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I was kind of lost with the following example of induction: $$ (11^{n+1} + 12^{2n-1}) \mathbin{\%} 133 = 0 $$

It shows the following steps to solve it: (I excluded base proof for n = 1)

$$ 11^{(n+1)+1} + 12^{2\cdot(n+1)-1} = $$ $$ = 11 \cdot 11^{n+1} + 12^{2} \cdot 12^{2n-1} = $$ $$ = 11 \cdot 11^{n+1} + 11 \cdot 12^{2n-1} + 133 \cdot 12^{2n-1} = $$ $$ = 11 \cdot ( 11^{n+1} + 11 \cdot 12^{2n-1}) + 133 \cdot 12^{2n-1} $$ $$ = 11 \cdot 133k + 133 \cdot 12^{2n-1} = $$ $$ = 133 (11k + 12^{2n-1}) $$

I prooven for n=1, but i am totally confused by what follows next in this example there is no description in the book why are these steps taken whats going on etc.

I get the first line expanding to n+1 but i dont know how he gets $$ 12^{2} $$ from factoring that. And i dont get the rest of it.

Thanks in advance for any help.

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$12^{2(n+1)-1}=12^{2n+1}=12^2\,12^{2n-1}$. In general $a^{s+t}=a^sa^t$. –  André Nicolas Aug 22 '12 at 19:54
    
Thank you, you rock : ) –  kellax Aug 22 '12 at 20:03
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2 Answers 2

up vote 1 down vote accepted

Most of the missing manipulations are just applications of the distributive law, $a(b+c)=ab+ac$.

First,

$$\begin{align*} 12^{2(n+1)-1}&=12^{2n+2-1}=12^{(2n-1)+2}\\ &=12^{2n-1}\cdot12^2=12^2\cdot12^{2n-1}\\ &=144\cdot12^{2n-1}=(11+133)\cdot12^{2n-1}\\ &=11\cdot12^{2n-1}+133\cdot12^{2n-1}\;. \end{align*}$$

this gets you down to the line $11 \cdot 11^{n+1} + 11 \cdot 12^{2n-1} + 133 \cdot 12^{2n-1}$. Then

$$11\cdot 11^{n+1}+11\cdot12^{2n-1}=11\left(11^{n+1}+12^{2n-1}\right)\;,$$

not $11\left(11^{n+1}+11\cdot12^{2n-1}\right)$. Your induction hypothesis was that $11^{n+1}+12^{2n-1}$ is divisible by $133$, so there is some integer $k$ such that $11^{n+1}+12^{2n-1}=133k$. Thus,

$$\begin{align*} 11^{(n+1)+1}+12^{2(n+1)-1}&=11\left(11^{n+1}+12^{2n-1}\right)+133\cdot12^{2n-1}\\ &=11\cdot133k+133\cdot12^{2n-1}\\ &=133\left(11k+12^{2n-1}\right) \end{align*}$$

is also a multiple of $133$.

Added to answer question in comments:

$$\begin{align*}16\cdot16^{n+1}+4\cdot4^n-2&=(4+12)16^{n+1}+4\cdot4^n-2\\&=4\cdot16^{n+1}+12\cdot16^{n+1}+4\cdot4^n-2\\&=4\cdot16^{n+1}+4\cdot4^n+12\cdot16^{n+1}-8+6\\&=4\cdot16^{n+1}+4\cdot4^n-4\cdot2+12\cdot16^{n+1}+6\\&=4\left(16^{n+1}+4^n-2\right)+12\cdot16^{n+1}+6\end{align*}$$

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How do you get from that last line that the statement 133(11k+12..) is also divisible by 133 for all xeR. I understand how u got to 1 line before the last one but i dont understand how the last line proves the statement. We didnt take any examples like this in class and i cant get in touch with my professor for him to explain me this in detail. –  kellax Aug 24 '12 at 15:38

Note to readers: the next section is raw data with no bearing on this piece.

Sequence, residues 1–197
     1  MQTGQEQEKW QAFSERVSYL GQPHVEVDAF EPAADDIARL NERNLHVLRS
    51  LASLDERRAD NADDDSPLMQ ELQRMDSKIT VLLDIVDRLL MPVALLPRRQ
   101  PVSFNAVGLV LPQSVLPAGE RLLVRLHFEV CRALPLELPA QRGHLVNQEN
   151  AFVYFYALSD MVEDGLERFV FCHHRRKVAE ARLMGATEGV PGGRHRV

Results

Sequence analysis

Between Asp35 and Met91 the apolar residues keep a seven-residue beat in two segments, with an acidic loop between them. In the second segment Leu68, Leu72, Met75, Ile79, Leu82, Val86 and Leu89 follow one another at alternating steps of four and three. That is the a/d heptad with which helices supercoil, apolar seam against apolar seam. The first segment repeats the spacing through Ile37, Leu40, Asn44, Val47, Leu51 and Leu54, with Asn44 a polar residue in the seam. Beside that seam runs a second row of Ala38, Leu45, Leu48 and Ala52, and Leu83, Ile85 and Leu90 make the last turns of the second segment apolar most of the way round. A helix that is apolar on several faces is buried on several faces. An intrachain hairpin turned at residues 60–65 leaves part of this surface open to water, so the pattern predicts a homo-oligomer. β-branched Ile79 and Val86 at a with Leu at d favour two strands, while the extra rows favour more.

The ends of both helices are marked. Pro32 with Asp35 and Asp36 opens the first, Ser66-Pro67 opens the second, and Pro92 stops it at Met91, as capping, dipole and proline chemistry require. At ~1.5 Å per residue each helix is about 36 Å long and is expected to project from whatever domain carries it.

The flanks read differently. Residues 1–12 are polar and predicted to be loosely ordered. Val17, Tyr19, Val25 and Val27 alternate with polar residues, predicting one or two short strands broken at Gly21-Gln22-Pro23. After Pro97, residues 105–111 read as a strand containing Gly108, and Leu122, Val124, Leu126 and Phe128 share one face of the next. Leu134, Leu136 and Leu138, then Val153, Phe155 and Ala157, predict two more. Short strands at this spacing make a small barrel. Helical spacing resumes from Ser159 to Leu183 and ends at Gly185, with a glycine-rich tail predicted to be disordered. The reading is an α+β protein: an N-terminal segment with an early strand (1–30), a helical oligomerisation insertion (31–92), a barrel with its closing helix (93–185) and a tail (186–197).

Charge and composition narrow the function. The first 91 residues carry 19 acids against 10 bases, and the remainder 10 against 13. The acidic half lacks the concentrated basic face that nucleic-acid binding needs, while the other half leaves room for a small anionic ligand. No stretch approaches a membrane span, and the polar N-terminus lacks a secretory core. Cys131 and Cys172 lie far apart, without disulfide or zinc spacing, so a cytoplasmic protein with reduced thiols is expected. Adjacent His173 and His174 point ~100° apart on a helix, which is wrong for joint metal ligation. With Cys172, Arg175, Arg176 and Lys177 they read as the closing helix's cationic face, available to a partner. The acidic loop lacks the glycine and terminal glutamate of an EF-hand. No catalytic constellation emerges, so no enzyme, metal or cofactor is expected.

@kellax: Let $P(n)$ be the statement that $11^{n+1}+12^{2n-1}$ is divisible by $133$. You checked that $P(1)$ is true. The calculation above shows that if $P(n)$ is true, then so is $P(n+1)$. That is, it shows that if $11^{n+1}+12^{2n-1}$ is divisible by $133$, then so is $11^{(n+1)+1}+12^{2(n+1)-1}$; that’s the last line above. Once you know that $P(1)$ is true and that $P(n)$ implies $P(n+1)$ for all $n\ge1$, the principle of mathematical induction lets you conclude that $P(n)$ is true for all $n\ge1$. –  Brian M. Scott Aug 24 '12 at 15:48
    
But why do i need to do the induction step then wouldnt prooving by just P(1) base step be enough. Also i cant thank you enoug for explaining this in very direct and understandable way. Thanks : ) –  kellax Aug 24 '12 at 16:19
    
@kellax: To see why you need the induction step, consider this silly ‘theorem’: for every positive integer $n$, $n=1$. Here $P(n)$ is the statement $n=1$. Certainly $P(1)$ is true, since $1=1$, but the ‘theorem’ is obviously false. If we could prove that $n=1$ implies that $n+1=1$, then induction would let us conclude that all positive integers are equal to $1$. Fortunately, we can’t prove that induction step. Just checking that $P(1)$ is true tells you nothing about $P(2),P(3)$, etc. But if you also know that $P(n)$ implies $P(n+1)$ for all $n\ge1$, then you can reason as follows: ... –  Brian M. Scott Aug 24 '12 at 16:28
    
... $P(1)$ is true, and $P(1)$ implies $P(2)$, so $P(2)$ is true; now $P(2)$ is true, and $P(2)$ implies $P(3)$, so $P(3)$ is true; and so on. (There are better, more rigorous ways of looking at it, but I think that this is the clearest to begin with when you’re having trouble with the idea.) –  Brian M. Scott Aug 24 '12 at 16:29
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More simply: $\displaystyle\rm\: mod\ 133\!:\ 12^{2n-1}\equiv \frac{144^n}{12}\equiv \frac{11^n}{12}\equiv\frac{11^{n+1}}{11\cdot 12}\equiv\frac{11^{n+1}}{-1}\:\Rightarrow\:11^{n+1}+12^{2n-1}\equiv 0$

$\displaystyle\rm mod\ i^2\!+\!i\!+\!1\!:\, (i\!+\!1)^{2n-1}\!\equiv \frac{(i^2\!+\!2i\!+\!1)^n}{i\!+\!1}\equiv \frac{i^n}{i\!+\!1}\equiv\frac{i^{n+1}}{i\,(i\!+\!1)}\equiv\frac{i^{n+1}}{-1}\Rightarrow\, i^{n+1}\!+\!(i\!+\!1)^{2n-1}\!\equiv 0$

Remark $\ $ Note how the use of congruence arithmetic reduces the inductive step to the trivial induction $\rm\:mod\ 133\!:\ 144\equiv 11\:\Rightarrow\:144^n\equiv 11^n,\:$ or $\rm\:144/11\equiv 1\:\Rightarrow\:(144/11)^n\equiv 1^n\equiv 1.\:$ Hence, by intelligent preprocessing, we've reduced the induction to the trivial induction $\rm\,1^n \equiv 1.\:$ For analogous simplifications of inductive proofs see the more powerful method of telescopy.

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See also this answer. –  Bill Dubuque May 13 at 3:46
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